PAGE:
Marlon Brown garnered some buzz in the preseason, but Jacoby Jones was the wideout on display for Baltimore early in the season opener. When Jones left the game with a knee sprain, Brown’s prospects were rejuvenated and he responded with 4 catches for 65 yards and a touchdown. Besides Torrey Smith, Joe Flacco doesn’t have much to work with in the passing game, so Brown should hold value while Jones is sidelined and possibly beyond.
Similarly, Roddy White’s ankle injury gives Harry Douglas a significant boost in value for the coming weeks. While White played decoy, Douglas caught 4 passes for 93 yards against New Orleans. High ankle sprains like the one afflicting Roddy are notoriously slow to heal and Douglas is in line to supplement the production originally expected from White in Atlanta’s passing game.
Sick of hearing about the fantasy potential of Ryan Broyles, Nate Burleson caught all six of his targets for 78 yards on Sunday. There’s nothing flashy about Burleson’s game, but he’s a viable fantasy play based solely on Detroit’s volume of pass attempts.
Seattle’s top receiver in Week 1 wasn’t Sidney Rice or Golden Tate. It was Doug Baldwin with 7 catches and 91 yards on 8 targets, all team-highs. This isn’t necessarily a narrative I expect to continue, but Baldwin was a trendy sleeper in 2012 and it wouldn’t shock me if he pulled ahead of Rice on Seattle’s depth chart.
Are we sure that Mike Wallace is even good anymore? Granted, he was blanketed by stud cornerback Joe Haden on Sunday, but it is worrisome that the Steelers were so willing to let Wallace go to Miami in the offseason. Meanwhile, the Dolphins also brought in Brandon Gibson and unlike Wallace, he didn’t disappoint in Week 1. If opposing defenses continue to key on Wallace, Gibson could be in line for more performances like the one we saw on Sunday (7 catches, 77 yards).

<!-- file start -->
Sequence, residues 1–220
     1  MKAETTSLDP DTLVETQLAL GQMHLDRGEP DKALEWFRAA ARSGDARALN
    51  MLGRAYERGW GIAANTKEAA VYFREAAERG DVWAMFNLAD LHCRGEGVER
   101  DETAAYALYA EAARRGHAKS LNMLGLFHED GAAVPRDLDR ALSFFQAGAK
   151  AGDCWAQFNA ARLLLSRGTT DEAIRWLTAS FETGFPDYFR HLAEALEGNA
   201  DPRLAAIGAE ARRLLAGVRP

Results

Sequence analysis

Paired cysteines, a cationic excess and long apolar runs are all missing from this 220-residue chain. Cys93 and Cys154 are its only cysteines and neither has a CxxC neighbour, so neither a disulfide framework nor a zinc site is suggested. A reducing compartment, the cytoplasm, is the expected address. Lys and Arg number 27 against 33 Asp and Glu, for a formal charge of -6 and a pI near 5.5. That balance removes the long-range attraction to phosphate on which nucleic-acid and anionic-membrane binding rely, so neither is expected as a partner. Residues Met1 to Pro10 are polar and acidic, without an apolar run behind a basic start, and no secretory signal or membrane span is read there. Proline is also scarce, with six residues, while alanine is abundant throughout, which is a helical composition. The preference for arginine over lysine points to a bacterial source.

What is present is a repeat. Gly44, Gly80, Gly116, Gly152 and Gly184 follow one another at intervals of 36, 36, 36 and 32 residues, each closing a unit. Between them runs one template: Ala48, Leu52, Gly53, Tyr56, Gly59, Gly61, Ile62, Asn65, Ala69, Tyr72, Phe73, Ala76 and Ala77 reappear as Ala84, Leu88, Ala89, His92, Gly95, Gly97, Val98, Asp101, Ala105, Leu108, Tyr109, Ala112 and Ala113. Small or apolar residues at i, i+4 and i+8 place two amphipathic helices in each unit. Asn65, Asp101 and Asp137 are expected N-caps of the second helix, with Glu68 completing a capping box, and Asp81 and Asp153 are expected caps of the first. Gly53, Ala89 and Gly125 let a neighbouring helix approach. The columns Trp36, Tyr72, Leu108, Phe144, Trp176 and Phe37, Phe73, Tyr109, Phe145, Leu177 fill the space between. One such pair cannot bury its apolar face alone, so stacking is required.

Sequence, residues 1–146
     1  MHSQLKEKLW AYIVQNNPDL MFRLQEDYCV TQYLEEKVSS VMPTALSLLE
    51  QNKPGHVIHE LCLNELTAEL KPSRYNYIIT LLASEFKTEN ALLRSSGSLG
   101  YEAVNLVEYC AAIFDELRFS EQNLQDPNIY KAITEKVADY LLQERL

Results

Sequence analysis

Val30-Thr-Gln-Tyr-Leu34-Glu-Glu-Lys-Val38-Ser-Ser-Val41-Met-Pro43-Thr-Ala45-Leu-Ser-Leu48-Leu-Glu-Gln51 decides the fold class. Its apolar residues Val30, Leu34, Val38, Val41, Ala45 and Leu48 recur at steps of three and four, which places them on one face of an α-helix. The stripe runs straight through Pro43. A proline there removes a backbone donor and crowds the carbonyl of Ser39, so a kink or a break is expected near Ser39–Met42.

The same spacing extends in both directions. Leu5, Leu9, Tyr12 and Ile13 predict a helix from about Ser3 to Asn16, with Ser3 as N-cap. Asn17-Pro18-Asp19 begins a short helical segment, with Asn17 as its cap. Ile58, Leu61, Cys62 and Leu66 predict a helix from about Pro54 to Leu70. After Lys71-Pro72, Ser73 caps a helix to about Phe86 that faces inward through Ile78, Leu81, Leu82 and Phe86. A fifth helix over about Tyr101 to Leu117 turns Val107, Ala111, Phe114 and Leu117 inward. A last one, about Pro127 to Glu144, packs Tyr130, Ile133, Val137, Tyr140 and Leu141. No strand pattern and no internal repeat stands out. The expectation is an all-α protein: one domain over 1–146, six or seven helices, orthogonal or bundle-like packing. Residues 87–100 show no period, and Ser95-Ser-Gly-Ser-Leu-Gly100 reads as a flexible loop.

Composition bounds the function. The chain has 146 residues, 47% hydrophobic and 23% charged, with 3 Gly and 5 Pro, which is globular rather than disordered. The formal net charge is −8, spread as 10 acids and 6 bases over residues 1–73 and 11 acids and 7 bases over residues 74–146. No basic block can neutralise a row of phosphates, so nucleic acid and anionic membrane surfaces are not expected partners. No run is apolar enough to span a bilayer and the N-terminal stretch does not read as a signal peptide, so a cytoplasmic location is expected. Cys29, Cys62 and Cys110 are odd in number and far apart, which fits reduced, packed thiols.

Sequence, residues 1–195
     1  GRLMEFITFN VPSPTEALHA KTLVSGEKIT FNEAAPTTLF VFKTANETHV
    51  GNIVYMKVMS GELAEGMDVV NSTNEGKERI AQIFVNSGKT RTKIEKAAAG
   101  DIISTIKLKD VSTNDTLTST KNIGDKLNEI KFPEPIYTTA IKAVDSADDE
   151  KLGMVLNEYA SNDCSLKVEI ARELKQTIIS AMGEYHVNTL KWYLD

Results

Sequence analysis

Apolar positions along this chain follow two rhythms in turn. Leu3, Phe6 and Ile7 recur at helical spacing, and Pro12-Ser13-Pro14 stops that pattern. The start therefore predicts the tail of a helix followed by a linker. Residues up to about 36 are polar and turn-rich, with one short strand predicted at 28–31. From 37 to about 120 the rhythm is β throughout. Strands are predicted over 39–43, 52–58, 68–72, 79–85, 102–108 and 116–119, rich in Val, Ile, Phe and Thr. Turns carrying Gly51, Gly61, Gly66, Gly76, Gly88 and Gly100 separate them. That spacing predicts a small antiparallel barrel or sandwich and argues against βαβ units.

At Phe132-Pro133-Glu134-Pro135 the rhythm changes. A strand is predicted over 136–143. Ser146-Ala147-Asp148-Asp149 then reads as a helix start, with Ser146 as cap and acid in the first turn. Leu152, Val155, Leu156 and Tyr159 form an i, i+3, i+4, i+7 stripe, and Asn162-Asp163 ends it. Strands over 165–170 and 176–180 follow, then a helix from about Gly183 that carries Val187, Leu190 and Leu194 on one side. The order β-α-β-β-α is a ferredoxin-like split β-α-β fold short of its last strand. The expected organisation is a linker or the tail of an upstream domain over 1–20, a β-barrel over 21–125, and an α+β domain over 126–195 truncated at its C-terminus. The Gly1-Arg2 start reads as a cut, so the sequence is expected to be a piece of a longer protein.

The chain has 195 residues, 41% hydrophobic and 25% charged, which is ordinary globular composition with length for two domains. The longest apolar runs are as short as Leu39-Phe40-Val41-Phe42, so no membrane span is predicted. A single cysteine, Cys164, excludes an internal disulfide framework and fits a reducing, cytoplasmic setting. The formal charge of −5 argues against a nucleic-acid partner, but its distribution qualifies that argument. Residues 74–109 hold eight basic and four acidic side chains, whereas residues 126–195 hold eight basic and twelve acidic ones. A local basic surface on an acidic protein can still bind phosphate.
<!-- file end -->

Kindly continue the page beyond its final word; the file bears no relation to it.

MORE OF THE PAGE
Jericho Cotchery beat out Markus Wheaton for the Steelers’ third WR spot and scored a touchdown to go with 34 yards on Sunday. Cotchery’s upside is limited by the presence of Antonio Brown and Emmanuel Sanders, so only deep leaguers need apply.
Eddie Royal found the end zone twice and actually led the Chargers in receptions with 3 on Monday night. We in the fantasy community may have been too quick to bury Phil Rivers, but I still prefer Vincent Brown, Antonio Gates, and Malcom Floyd to Royal. If those guys are owned, go nuts.
Josh Gordon has one more game to serve on his suspension so if you’re desperate for a one-week PPR substitute at wide receiver, Davone Bess could be the guy for you. He had 10 targets on Sunday and should receive a similar workload in Week 2. All bets are off when Gordon returns, though.
Julius Thomas exploded onto the fantasy scene in the season opener, but remember that there are many mouths to feed in Denver before you slot Thomas into your lineup ahead of more proven fantasy producers.
Brent Celek scored a touchdown on one of his two Monday night receptions and I’m buying, despite the low volume of catches. The receiving options in Philly are limited beyond DeSean Jackson, so Celek should continue to produce in Chip Kelly’s offense.
While everyone else is bailing off the Zach Sudfeld bandwagon, I’m grabbing the wheel. The injuries to Amendola and Vereen will create opportunity in the New England offense. We shouldn’t assume that Sudfeld’s lack of usage in Week 1 is indicative of Bill Belichick’s future strategies. His game plans often change based on match-ups and Sudfeld could still deliver on the preseason hype in the coming weeks.